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House of Representatives Passes Equality Act—Potential Industry Impact

On Friday, the U.S. House of Representatives passed the Equality Act, by a vote of 236-173. The act includes protections for LGBTQ people against discrimination in housing.

The act is intended to approximate current state anti-discrimination laws on a national level, providing a blanket of protection against discrimination throughout the country, adding protections against LGBT discrimination into the the federal Civil Rights law.

A Move Toward Equality

The Equality Act is one of several steps that has been made this year to protect LGBTQ homeowners from discrimination. Earlier this month, Maine Senators Susan Collins and Angus King joined with Virginia Senator Tim Kaine in promoting the Fair and Equal Housing Act of 2019. The senators are introducing legislation intended to add gender identity and sexual orientation to the classes that are protected from discrimination by the Fair Housing Act.

“All Americans deserve a fair and equal opportunity in the sale, rental, or financing of housing,” said Senator Collins.  “Throughout my Senate service, I have worked to end discrimination against LGBTQ Americans, and it is time we ensure that all people have full access to housing regardless of their sexual orientation or gender identity.  I urge our colleagues to join us in supporting this important legislation.”

“Safe and affordable housing is the basic building block for all Americans seeking to achieve economic, educational, and personal success,” said Senator King. “No one should be denied access to this vital resource because of who they are—but unfortunately, under current law there are no protections from discrimination based on sexual orientation or gender identity. This is wrong, plain and simple. We need this legislation to make sure LGBTQ Americans have the same access to housing as anyone else.”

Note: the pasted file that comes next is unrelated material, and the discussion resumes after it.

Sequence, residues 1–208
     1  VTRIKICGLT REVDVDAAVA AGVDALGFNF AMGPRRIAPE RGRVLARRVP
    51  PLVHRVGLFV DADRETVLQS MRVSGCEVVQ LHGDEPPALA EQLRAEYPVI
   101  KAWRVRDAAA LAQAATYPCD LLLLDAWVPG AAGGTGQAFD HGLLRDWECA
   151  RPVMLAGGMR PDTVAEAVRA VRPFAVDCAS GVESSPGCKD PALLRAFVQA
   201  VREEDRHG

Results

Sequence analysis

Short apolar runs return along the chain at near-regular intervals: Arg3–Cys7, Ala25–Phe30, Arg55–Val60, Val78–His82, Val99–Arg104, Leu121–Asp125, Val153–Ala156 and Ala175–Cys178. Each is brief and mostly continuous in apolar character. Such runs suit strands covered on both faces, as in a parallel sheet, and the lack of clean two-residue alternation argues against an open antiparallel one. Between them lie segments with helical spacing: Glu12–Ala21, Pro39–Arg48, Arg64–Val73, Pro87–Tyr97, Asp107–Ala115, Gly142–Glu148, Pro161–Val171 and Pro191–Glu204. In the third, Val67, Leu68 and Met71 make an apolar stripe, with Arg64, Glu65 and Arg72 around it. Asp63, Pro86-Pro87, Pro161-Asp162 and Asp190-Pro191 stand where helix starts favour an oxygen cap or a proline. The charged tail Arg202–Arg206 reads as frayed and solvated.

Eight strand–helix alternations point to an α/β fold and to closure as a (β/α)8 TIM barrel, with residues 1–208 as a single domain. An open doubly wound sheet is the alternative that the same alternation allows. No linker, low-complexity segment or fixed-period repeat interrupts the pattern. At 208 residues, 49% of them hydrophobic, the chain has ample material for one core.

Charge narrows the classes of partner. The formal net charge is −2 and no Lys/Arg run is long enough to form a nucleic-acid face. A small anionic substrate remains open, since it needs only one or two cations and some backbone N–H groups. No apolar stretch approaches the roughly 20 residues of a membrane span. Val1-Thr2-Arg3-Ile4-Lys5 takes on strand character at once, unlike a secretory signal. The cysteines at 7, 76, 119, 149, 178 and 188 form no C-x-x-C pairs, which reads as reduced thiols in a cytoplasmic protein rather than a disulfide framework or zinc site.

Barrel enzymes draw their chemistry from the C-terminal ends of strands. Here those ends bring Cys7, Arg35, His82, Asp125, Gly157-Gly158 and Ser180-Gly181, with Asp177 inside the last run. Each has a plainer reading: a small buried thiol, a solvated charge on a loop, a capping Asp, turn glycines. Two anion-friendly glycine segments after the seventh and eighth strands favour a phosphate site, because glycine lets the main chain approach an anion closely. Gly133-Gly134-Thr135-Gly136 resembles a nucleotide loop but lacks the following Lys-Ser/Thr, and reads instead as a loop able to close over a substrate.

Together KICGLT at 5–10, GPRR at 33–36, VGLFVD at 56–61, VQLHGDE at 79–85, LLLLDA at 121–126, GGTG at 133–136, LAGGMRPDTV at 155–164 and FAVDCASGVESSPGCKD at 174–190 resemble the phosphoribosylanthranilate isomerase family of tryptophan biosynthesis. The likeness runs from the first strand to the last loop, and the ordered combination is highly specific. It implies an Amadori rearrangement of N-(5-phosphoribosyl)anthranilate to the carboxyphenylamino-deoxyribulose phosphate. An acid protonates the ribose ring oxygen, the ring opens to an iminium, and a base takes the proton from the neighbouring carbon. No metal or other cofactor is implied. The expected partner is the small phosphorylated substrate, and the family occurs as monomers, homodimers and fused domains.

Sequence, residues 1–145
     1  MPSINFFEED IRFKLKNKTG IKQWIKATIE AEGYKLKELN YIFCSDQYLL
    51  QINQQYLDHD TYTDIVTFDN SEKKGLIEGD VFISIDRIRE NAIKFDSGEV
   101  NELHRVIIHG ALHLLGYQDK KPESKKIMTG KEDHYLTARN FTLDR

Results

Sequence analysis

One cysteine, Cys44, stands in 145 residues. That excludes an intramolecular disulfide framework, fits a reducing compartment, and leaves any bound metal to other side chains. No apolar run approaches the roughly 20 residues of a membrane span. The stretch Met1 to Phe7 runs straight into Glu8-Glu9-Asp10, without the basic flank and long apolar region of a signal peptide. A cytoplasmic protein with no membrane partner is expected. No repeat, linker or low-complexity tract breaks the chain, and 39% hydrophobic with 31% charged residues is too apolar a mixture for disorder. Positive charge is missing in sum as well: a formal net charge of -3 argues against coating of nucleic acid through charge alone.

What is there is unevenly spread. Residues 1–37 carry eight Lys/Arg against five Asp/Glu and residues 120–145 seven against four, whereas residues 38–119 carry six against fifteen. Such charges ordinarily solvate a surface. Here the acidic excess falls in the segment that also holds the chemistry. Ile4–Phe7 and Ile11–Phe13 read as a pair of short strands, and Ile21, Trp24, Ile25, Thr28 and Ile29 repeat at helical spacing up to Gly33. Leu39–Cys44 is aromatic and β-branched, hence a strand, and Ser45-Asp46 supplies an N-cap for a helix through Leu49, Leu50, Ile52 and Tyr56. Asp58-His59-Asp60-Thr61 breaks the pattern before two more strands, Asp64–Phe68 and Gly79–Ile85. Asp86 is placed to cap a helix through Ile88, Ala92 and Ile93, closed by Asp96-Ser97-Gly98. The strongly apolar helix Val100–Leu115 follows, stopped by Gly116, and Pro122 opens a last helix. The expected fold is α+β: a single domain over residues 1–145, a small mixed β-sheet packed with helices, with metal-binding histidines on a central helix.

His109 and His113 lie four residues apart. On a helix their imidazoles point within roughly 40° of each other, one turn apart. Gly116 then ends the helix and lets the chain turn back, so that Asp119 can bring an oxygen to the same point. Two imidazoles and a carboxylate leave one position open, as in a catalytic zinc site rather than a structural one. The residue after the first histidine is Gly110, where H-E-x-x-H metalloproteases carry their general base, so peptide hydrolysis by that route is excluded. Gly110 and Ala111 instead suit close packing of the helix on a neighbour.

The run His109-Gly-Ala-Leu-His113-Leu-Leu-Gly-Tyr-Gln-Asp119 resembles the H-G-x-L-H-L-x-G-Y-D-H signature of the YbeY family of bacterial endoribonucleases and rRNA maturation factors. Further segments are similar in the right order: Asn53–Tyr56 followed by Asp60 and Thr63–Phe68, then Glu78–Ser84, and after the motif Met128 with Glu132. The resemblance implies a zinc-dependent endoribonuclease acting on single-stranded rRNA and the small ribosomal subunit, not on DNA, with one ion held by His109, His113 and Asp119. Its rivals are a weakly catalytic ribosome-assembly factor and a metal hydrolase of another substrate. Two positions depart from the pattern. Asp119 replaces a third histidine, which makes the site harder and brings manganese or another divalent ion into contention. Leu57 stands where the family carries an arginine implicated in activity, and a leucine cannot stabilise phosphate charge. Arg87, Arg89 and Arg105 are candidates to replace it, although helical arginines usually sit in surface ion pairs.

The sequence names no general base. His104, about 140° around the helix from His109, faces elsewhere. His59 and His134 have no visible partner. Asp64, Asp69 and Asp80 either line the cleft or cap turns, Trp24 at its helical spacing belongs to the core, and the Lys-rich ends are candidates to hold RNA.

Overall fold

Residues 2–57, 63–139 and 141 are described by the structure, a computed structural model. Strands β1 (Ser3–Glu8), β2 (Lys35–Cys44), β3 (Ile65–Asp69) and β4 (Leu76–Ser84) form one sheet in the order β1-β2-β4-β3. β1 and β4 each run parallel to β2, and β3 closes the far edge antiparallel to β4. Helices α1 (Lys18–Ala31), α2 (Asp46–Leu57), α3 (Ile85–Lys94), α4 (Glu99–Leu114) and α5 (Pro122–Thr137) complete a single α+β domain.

Diversity, Inclusion, Fairness

The U.S. Court of Appeals for the Seventh Circuit recently ruled that landlords could be held liable for discrimination if they failed to respond to harassment faced by tenants who belong to a protected class.

In its ruling, the three-member panel of judges said that not only did the Fair Housing Act create liability when a landlord intentionally discriminated against a tenant based on a protected characteristic, but “it also creates liability against a landlord that has actual notice of tenant‐on‐tenant harassment based on a protected status, yet chooses not to take any reasonable steps within its control to stop that harassment.”

During 2018, the American Mortgage Diversity Council hosted a series of LGBT Town Hall events, bringing together participating servicers and LGBT community groups for a day of discussion regarding issues affecting the LGBT community from both a homeownership and workplace inclusion perspective. Those meetings eventually led to the publication of a white paper on the topic, which you can read here.

About Author: Seth Welborn

Seth Welborn is a contributing writer for DS News. He is a Harding University graduate with a degree in English and a minor in writing, and has studied abroad in Athens, Greece. An East Texas native, he also works part-time as a photographer.
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